Ukrainian shallow water ports are facing a shortage of barges for grain trans-shipment to the Romanian port of Constanta due to uncertainty over the extension of the Black Sea Grain Initiative (BSGI) forcing traders to look at less risky options, trade sources told AgriCensus.
The trans-shipment of grains via barges from Ukraine’s shallow water ports in the south of the country has been one of the main ways that the trade moved volumes out to deep seaports following Russia’s invasion of the country last February, the 15 February report said.
A naval blockade and military attacks have shut down Ukraine’s primary export capacity, but the shallow water ports allowed traders to move agricultural products to Romanian ports to be loaded onto bigger vessels or to offer Ukrainian grains on a FOB Constanta basis, AgriCensus wrote.
Ukrainian deep seaports re-opened in early August following the signing of the grain export deal – although most shippers had switched back to Odessa, Chornomorsk, and Pivdennyi as shipment was more cost effective as long as the export corridor was functioning, the report said.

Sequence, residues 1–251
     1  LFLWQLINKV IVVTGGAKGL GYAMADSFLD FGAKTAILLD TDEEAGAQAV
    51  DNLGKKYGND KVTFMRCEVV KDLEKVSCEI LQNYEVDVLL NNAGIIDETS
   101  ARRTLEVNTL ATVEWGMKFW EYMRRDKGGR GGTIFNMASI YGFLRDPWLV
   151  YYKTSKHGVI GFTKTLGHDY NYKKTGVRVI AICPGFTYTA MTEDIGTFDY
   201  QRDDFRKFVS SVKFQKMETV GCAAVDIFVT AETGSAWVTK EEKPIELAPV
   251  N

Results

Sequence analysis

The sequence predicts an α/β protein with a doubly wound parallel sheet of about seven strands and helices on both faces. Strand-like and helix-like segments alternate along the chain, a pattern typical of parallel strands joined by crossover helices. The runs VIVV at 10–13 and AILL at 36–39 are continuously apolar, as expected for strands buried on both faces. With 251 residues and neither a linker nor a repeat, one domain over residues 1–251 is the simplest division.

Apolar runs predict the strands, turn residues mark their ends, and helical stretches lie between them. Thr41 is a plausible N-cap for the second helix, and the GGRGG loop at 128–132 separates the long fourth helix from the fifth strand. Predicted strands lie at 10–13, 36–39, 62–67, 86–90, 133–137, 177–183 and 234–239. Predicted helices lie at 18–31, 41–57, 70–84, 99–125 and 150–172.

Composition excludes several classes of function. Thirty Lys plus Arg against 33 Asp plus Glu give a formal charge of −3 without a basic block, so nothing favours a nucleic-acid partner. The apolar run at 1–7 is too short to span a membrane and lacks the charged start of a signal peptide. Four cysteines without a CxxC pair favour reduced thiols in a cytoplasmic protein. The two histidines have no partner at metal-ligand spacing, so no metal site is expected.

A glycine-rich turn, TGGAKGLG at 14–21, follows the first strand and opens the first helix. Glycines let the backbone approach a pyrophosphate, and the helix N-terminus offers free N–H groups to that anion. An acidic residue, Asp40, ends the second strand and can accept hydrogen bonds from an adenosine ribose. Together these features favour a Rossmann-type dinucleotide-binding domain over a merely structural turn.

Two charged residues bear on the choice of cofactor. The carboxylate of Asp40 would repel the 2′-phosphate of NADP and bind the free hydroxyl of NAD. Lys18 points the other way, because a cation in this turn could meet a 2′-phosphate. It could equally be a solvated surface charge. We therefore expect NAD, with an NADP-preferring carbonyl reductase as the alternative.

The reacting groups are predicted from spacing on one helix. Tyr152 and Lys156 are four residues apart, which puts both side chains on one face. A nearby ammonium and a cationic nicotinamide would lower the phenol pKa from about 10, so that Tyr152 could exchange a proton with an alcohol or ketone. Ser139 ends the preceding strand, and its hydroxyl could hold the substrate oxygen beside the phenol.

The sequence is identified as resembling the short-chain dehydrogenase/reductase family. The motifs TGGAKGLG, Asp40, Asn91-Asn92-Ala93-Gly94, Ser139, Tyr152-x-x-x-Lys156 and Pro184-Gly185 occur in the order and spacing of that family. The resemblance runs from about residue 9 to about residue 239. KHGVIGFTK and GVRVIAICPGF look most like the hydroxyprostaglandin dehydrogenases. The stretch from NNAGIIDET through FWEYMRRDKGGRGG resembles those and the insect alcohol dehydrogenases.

However, with the queue of vessels waiting for inspection continuing to grow since October, and with the existing deal due to expire next month unless extended again, traders had again turned to safer options as they prepared for further disruption, AgriCensus wrote.
Against this backdrop, loading grains from Ukrainian ports such as Reni and Izmail, along the River Danube, had created increased demand leading to a shortage of available barges, the report said.
“Constanta becomes more and more important, most buyers want execution via Constanta or POC [the collective term for Pivdennyi, Odessa and Chernomorsk], but with guaranteed execution,” a broker was quoted by AgriCensus as saying.
Some trade sources say the situation is temporary, and as soon as the arrangements around the grain corridor deal are clarified – and the deal is extended again – trade will slowly return to Ukrainian deep seaports, according to the report.